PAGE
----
Tulum pueblo (130km/80 miles from Cancún) is a small town on Hwy. 307 where it intersects the road to Cobá. Nearby is an incredible beach, which has become the Tulum hotel zone -- a collection of about 30 palapa hotels stretching from the Tulum ruins southward, along the Punta Allen Peninsula, all the way to the entrance to the Sian Ka'an Biosphere Reserve. All must generate their own electricity, but recently, someone politically connected managed to build a larger property -- a small all-inclusive -- and connect it to the town's electrical grid. It has been the object of several legal challenges. I don't know what will come of all this, but it may well represent the end of an era for the Tulum hotel zone.
The Tulum ruins are a walled Maya city of the post-Classic age perched on a rocky cliff overlooking the Caribbean. Tulum beach used to be a destination for backpackers, but the palapa hotels have gone upscale, and the beach now attracts a well-heeled crowd that seeks to get away from the bustle of the big hotels and resorts. The town of Tulum has several modest hotels, more than a dozen restaurants, several stores and pharmacies, three cybercafes, a few dive shops, a bank, two ATMs, and a new bus station.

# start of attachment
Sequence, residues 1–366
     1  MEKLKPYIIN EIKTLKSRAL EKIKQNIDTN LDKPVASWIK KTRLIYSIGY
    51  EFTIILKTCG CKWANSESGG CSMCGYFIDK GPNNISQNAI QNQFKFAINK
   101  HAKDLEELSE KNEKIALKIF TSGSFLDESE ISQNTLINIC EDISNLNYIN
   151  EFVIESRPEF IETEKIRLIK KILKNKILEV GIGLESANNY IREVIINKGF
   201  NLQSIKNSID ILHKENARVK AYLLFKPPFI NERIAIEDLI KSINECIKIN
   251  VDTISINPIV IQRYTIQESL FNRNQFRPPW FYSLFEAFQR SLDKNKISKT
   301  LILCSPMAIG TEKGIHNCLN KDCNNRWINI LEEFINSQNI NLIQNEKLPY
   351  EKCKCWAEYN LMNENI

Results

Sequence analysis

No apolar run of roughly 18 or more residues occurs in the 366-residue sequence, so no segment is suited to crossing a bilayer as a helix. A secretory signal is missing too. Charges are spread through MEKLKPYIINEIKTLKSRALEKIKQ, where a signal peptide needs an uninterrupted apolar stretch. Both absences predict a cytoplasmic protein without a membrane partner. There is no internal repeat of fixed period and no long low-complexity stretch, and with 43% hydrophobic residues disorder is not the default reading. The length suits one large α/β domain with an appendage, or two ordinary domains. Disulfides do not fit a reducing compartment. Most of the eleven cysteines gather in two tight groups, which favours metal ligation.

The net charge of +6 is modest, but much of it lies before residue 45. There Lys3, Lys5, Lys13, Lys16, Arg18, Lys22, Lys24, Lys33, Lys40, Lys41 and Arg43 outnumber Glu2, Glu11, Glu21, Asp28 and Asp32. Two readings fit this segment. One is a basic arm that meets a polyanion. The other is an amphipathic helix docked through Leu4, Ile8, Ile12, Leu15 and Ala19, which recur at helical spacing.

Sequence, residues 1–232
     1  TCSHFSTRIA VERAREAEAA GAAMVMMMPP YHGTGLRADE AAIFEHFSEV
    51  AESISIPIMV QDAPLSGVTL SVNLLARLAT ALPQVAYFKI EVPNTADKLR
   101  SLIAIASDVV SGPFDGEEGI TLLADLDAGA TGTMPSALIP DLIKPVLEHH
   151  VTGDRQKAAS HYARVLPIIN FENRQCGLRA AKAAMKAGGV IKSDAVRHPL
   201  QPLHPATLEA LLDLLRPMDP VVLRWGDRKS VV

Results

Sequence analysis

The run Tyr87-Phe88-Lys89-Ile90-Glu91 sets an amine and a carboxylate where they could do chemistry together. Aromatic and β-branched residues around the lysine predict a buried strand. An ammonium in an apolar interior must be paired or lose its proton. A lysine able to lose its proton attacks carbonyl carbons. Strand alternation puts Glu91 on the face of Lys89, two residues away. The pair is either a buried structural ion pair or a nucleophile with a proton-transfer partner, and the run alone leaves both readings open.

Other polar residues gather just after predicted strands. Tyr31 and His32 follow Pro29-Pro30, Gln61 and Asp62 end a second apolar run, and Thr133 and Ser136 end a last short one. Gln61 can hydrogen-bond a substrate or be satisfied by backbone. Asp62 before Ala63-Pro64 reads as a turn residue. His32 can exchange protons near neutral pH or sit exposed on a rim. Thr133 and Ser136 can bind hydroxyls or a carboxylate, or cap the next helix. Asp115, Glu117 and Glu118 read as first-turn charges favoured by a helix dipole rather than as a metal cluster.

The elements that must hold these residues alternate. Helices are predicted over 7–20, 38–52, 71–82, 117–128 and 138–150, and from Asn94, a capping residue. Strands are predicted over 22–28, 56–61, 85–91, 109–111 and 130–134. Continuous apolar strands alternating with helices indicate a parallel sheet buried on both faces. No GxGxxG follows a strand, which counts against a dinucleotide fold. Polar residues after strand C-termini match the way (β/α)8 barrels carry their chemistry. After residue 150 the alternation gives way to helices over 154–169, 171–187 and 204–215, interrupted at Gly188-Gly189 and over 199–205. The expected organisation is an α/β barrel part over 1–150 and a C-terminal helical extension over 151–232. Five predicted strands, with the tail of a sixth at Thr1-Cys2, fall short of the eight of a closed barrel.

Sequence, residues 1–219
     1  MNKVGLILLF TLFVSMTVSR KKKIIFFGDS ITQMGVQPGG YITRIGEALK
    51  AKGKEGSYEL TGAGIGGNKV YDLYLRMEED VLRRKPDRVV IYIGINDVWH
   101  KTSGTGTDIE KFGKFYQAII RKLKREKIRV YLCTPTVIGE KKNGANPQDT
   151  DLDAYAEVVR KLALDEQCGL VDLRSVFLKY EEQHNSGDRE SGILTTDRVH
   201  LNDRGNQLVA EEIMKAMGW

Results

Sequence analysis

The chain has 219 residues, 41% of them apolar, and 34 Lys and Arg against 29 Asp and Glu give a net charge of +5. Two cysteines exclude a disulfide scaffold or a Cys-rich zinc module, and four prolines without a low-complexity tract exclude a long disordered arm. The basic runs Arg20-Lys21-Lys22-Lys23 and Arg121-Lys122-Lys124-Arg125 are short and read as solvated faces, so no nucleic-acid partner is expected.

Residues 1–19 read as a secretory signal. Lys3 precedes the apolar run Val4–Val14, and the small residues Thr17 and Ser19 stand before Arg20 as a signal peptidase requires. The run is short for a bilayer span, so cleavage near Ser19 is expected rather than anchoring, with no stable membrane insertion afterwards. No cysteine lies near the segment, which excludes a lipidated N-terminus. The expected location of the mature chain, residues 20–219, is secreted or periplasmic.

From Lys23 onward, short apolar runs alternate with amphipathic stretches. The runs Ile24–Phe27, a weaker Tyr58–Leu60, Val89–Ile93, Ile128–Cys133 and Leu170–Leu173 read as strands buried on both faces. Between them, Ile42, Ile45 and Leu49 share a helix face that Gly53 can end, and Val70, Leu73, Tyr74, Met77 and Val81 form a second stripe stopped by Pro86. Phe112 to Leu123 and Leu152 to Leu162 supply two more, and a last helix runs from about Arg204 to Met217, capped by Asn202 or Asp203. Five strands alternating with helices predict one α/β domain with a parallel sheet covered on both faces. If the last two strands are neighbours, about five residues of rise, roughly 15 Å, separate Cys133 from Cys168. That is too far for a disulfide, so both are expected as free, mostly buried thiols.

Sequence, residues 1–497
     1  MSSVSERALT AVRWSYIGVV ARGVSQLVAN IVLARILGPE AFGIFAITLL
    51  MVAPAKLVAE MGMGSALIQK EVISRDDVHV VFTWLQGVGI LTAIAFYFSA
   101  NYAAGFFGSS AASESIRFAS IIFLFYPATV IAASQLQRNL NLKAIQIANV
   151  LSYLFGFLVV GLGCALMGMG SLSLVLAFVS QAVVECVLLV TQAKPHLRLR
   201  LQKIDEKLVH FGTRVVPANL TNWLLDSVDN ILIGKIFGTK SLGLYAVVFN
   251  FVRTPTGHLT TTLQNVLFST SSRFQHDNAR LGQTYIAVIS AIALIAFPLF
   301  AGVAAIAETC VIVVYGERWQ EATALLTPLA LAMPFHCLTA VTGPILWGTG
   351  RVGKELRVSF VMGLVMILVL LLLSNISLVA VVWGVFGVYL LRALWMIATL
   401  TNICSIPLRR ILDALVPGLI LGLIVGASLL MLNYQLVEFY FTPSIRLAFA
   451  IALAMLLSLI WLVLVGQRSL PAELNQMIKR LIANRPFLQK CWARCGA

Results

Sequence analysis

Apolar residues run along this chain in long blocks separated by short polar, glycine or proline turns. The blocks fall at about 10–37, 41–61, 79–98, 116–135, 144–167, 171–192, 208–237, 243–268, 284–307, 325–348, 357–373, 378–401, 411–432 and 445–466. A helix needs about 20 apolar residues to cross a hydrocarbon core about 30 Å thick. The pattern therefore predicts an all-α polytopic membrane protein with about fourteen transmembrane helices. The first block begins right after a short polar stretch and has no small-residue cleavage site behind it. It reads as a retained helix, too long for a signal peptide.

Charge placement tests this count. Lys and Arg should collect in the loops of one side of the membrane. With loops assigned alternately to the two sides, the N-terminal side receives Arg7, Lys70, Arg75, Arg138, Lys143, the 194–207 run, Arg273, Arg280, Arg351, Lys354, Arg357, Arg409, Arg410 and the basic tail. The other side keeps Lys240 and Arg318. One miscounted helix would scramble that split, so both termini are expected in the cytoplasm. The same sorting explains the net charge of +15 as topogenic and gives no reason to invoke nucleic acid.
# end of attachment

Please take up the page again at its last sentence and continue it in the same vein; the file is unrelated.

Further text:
For those who really want to leave the modern world behind, there's the Punta Allen Peninsula. Getting to the end of the peninsula from Tulum can take 1 1/2 to 3 hours, depending on the condition of the road, which can be downright ugly. It's a quiet, out-of-the-way place; the generator (if there is one) shuts down at 10pm. For most people, Tulum will be far enough away from the crowds. But in Punta Allen, you'll find great fishing and snorkeling, the natural riches of the Sian Ka'an Biosphere Reserve, and a chance to rest up at what truly feels like the end of the road. A few beach cabañas offer reliable power, telephones, and hot showers.